Impact of SARS-CoV-2 vaccination of children ages 5–11 years on COVID-19 disease burden and resilience to new variants in the United States, November 2021–March 2022: A multi-model study

Rebecca K. Borchering, Luke C. Mullany, Emily Howerton, Matteo Chinazzi, Claire P. Smith, Michelle Qin, Nicholas G. Reich, Lucie Contamin, John Levander, Jessica Kerr, J. Espino, Harry Hochheiser, Kaitlin Lovett, Matt Kinsey, Kate Tallaksen, Shelby Wilson, Lauren Shin, Joseph C. Lemaitre, Juan Dent Hulse, Joshua KaminskyElizabeth C. Lee, Alison L. Hill, Jessica T. Davis, Kunpeng Mu, Xinyue Xiong, Ana Pastore y Piontti, Alessandro Vespignani, Ajitesh Srivastava, Przemyslaw Porebski, Srini Venkatramanan, Aniruddha Adiga, Bryan Lewis, Brian Klahn, Joseph Outten, Benjamin Hurt, Jiangzhuo Chen, Henning Mortveit, Amanda Wilson, Madhav Marathe, Stefan Hoops, Parantapa Bhattacharya, Dustin Machi, Shi Chen, Rajib Paul, Daniel Janies, Jean Claude Thill, Marta Galanti, Teresa Yamana, Sen Pei, Jeffrey Shaman, Guido España, Sean Cavany, Sean Moore, Alex Perkins, Jessica M. Healy, Rachel B. Slayton, Michael A. Johansson, Matthew Biggerstaff, Katriona Shea, Shaun A. Truelove, Michael C. Runge, Cécile Viboud, Justin Lessler

Research output: Contribution to journalArticlepeer-review

17 Scopus citations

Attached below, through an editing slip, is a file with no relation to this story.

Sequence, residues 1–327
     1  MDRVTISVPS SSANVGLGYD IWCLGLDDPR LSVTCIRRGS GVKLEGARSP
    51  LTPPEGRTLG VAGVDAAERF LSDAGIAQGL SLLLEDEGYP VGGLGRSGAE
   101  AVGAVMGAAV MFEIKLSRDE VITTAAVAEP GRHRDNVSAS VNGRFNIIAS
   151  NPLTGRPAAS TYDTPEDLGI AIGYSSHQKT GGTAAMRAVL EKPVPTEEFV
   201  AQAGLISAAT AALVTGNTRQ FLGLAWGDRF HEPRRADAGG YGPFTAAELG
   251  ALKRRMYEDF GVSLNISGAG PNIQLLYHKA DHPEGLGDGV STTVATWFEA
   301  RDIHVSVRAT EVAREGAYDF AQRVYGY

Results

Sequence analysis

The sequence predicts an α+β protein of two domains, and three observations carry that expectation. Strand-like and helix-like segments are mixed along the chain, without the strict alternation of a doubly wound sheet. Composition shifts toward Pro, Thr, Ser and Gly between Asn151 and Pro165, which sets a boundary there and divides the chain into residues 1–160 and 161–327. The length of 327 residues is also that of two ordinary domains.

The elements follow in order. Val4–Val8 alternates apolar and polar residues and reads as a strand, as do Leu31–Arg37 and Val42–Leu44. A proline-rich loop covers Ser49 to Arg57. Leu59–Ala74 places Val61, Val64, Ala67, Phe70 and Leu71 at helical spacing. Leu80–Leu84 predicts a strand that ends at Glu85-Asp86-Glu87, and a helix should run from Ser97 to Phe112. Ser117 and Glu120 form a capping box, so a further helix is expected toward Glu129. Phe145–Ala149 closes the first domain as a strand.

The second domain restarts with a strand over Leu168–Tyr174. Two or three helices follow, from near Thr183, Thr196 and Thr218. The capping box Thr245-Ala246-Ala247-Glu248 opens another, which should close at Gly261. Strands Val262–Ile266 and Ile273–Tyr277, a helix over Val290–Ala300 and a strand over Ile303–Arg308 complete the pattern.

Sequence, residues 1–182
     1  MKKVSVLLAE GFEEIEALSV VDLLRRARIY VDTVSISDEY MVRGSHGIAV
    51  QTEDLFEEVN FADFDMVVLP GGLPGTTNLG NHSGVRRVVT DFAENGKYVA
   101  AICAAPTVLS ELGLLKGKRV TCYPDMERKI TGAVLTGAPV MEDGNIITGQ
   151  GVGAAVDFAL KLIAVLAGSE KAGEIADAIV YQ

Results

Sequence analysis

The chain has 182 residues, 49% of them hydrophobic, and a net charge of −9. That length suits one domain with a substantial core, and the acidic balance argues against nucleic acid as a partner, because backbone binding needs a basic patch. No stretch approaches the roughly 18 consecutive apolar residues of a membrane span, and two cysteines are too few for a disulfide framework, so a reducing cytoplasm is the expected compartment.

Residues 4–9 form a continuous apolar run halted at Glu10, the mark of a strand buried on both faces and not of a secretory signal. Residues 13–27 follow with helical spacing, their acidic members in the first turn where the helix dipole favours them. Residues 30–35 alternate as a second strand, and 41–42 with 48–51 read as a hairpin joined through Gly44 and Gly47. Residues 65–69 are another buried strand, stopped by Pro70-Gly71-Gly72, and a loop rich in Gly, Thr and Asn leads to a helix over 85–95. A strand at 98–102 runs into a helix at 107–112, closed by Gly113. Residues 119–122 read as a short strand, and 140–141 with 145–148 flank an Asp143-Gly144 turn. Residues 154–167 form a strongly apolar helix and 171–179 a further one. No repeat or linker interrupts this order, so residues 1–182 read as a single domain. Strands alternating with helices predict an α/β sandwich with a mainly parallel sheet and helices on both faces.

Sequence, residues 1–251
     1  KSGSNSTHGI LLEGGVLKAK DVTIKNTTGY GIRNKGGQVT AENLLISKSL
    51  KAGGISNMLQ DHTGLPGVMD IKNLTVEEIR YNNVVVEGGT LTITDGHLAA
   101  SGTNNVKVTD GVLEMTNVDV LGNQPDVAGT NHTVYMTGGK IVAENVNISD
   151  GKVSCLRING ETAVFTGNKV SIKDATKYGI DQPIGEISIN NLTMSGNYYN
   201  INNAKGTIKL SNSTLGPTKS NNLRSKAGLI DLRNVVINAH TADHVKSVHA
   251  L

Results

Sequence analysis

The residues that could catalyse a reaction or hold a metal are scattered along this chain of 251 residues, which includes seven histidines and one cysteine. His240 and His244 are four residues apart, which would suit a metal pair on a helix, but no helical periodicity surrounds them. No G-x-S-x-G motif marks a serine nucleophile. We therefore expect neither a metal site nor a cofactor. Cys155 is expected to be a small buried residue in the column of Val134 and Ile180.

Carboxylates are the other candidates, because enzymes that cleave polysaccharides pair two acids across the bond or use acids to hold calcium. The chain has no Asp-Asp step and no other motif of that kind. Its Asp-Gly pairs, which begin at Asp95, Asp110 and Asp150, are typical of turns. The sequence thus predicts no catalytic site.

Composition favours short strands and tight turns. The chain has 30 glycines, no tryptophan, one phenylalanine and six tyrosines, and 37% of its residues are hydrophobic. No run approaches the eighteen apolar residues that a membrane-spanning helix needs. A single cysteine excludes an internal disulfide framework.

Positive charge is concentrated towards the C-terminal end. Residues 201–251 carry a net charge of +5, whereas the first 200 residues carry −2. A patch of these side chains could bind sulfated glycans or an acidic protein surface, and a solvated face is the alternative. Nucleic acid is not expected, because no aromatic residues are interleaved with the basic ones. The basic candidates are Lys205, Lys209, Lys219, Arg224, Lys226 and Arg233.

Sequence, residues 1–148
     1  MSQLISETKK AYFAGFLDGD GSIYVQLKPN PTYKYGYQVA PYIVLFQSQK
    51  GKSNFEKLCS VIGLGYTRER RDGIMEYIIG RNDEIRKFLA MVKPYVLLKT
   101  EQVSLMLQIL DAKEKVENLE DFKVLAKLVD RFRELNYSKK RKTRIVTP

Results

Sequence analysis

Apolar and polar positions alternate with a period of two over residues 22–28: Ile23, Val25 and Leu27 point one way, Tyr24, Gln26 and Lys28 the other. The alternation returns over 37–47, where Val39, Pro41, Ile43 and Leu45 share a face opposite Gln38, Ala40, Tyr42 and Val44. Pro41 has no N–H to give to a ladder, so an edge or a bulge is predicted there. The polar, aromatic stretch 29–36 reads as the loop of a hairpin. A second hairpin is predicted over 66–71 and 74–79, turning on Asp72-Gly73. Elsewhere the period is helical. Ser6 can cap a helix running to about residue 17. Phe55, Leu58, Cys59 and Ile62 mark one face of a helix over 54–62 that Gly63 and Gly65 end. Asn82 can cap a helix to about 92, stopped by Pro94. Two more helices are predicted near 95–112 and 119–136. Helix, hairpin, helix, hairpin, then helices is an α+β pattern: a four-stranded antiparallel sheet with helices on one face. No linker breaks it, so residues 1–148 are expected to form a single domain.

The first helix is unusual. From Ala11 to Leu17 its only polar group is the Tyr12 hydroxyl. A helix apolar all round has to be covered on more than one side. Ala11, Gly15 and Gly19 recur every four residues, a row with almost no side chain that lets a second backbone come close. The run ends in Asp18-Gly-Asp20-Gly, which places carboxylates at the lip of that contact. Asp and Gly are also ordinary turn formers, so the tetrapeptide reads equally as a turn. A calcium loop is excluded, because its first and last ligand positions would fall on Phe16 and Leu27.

Abstract

Background: The COVID-19 Scenario Modeling Hub convened nine modeling teams to project the impact of expanding SARS-CoV-2 vaccination to children aged 5–11 years on COVID-19 burden and resilience against variant strains. Methods: Teams contributed state- and national-level weekly projections of cases, hospitalizations, and deaths in the United States from September 12, 2021 to March 12, 2022. Four scenarios covered all combinations of 1) vaccination (or not) of children aged 5–11 years (starting November 1, 2021), and 2) emergence (or not) of a variant more transmissible than the Delta variant (emerging November 15, 2021). Individual team projections were linearly pooled. The effect of childhood vaccination on overall and age-specific outcomes was estimated using meta-analyses. Findings: Assuming that a new variant would not emerge, all-age COVID-19 outcomes were projected to decrease nationally through mid-March 2022. In this setting, vaccination of children 5–11 years old was associated with reductions in projections for all-age cumulative cases (7.2%, mean incidence ratio [IR] 0.928, 95% confidence interval [CI] 0.880–0.977), hospitalizations (8.7%, mean IR 0.913, 95% CI 0.834–0.992), and deaths (9.2%, mean IR 0.908, 95% CI 0.797–1.020) compared with scenarios without childhood vaccination. Vaccine benefits increased for scenarios including a hypothesized more transmissible variant, assuming similar vaccine effectiveness. Projected relative reductions in cumulative outcomes were larger for children than for the entire population. State-level variation was observed. Interpretation: Given the scenario assumptions (defined before the emergence of Omicron), expanding vaccination to children 5–11 years old would provide measurable direct benefits, as well as indirect benefits to the all-age U.S. population, including resilience to more transmissible variants. Funding: Various (see acknowledgments).

Original languageEnglish (US)
Article number100398
JournalThe Lancet Regional Health - Americas
Volume17
DOIs
StatePublished - Jan 2023

All Science Journal Classification (ASJC) codes

  • Public Health, Environmental and Occupational Health
  • Health Policy
  • Internal Medicine

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